This had been described by some as a defining week in Boris Johnson’s brief and controversial time in the office of Britain’s Foreign Secretary. If that is the case, then it came to be defined quite swiftly and rather embarrassingly.
Less than 24 hours after Mr Johnson announced that he was leading the drive at the G7 summit to impose a super-tough set of sanctions on the Kremlin, the ministers in the group rejected his proposals.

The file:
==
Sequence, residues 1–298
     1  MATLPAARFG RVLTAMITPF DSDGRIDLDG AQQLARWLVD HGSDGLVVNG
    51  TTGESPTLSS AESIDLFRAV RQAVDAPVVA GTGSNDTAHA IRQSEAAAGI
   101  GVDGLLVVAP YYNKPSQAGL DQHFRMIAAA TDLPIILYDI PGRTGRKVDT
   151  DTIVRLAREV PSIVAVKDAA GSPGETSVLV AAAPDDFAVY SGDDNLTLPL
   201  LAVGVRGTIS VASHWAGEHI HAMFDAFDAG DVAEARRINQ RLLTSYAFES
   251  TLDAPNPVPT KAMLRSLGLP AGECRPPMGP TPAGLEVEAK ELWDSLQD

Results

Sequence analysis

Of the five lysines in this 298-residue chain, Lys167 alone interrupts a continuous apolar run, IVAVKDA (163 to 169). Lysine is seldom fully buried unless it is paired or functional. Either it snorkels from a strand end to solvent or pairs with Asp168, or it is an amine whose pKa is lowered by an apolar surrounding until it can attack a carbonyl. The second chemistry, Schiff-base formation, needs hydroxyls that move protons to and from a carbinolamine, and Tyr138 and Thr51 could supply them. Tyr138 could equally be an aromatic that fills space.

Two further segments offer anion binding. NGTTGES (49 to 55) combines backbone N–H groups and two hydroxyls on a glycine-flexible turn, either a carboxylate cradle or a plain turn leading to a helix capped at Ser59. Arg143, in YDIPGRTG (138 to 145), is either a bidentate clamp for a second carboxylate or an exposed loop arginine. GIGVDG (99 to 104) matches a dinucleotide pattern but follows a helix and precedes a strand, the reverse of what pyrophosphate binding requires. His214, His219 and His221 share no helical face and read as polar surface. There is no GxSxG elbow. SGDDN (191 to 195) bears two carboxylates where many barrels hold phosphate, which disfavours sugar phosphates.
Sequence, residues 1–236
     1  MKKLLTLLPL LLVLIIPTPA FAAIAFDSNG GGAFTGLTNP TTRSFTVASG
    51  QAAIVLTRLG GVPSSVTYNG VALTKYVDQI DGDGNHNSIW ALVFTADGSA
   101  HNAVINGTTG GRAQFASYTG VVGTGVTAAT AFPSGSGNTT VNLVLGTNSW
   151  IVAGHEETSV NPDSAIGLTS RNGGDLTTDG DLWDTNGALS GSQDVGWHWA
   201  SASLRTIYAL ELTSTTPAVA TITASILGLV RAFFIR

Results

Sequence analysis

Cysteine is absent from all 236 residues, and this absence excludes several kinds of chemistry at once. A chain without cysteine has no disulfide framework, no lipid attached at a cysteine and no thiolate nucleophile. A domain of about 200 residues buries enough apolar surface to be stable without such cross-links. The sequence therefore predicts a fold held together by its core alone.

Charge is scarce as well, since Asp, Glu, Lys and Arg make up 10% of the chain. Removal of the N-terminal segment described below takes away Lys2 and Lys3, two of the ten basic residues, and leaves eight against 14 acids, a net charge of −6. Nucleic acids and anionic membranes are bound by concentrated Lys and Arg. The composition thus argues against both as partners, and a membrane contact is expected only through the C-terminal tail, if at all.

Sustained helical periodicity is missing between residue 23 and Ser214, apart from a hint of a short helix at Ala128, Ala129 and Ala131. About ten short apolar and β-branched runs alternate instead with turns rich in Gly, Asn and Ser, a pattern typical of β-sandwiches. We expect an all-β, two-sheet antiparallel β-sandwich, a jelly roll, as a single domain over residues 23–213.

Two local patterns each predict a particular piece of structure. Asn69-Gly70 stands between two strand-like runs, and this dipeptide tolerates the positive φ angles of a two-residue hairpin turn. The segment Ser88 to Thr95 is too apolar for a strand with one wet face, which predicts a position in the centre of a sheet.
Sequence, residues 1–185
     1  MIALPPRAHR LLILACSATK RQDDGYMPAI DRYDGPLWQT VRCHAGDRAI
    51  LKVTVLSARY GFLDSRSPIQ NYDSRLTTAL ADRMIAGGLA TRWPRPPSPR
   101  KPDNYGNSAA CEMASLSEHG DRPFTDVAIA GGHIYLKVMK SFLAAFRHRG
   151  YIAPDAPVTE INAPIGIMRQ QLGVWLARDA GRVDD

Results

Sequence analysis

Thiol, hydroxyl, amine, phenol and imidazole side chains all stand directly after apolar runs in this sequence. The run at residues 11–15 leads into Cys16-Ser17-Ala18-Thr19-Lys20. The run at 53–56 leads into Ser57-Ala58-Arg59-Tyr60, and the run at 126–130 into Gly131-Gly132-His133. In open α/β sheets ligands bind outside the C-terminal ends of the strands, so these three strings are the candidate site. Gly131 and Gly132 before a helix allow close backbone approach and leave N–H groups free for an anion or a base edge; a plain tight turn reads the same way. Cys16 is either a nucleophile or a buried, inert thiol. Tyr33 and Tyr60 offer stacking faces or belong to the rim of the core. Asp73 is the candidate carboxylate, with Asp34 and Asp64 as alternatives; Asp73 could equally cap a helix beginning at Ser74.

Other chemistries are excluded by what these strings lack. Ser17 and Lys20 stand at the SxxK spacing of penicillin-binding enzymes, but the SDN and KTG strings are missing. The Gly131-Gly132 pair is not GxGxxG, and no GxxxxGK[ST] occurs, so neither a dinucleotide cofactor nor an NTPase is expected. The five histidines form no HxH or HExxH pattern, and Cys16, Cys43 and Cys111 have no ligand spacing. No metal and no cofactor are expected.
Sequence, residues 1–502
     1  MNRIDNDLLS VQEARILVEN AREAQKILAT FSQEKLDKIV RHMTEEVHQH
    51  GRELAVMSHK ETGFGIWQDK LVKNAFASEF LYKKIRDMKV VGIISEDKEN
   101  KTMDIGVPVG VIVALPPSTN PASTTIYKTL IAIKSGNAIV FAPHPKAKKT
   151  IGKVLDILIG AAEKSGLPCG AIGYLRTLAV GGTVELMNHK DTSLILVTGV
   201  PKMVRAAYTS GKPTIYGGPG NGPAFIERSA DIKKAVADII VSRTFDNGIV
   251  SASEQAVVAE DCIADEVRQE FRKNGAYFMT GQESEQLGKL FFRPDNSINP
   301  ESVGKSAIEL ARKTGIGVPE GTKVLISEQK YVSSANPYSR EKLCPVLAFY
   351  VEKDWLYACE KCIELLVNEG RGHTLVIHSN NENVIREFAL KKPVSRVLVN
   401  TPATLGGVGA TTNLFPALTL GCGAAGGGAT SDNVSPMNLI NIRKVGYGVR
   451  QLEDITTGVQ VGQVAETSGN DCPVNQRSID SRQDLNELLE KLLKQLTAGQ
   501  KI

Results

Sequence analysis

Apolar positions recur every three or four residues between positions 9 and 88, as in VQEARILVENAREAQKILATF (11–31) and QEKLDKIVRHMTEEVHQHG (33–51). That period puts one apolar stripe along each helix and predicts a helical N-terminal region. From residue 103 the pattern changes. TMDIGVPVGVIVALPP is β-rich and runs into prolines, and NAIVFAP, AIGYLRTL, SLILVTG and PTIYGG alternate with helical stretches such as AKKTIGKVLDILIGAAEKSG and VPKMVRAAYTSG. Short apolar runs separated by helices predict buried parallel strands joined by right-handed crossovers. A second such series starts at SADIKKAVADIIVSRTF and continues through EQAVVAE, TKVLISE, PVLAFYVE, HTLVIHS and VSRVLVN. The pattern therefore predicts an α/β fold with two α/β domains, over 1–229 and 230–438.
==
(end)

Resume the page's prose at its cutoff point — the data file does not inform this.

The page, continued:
His most punitive demands, such as placing a fresh batch of Russian military personnel on a black-list were given short shrift. There was an agreement to push for an investigation into the chemical attack in Idlib which had triggered the current crisis – but this was something Russia and Iran, allies of President Bashar al-Assad, had already said they would welcome.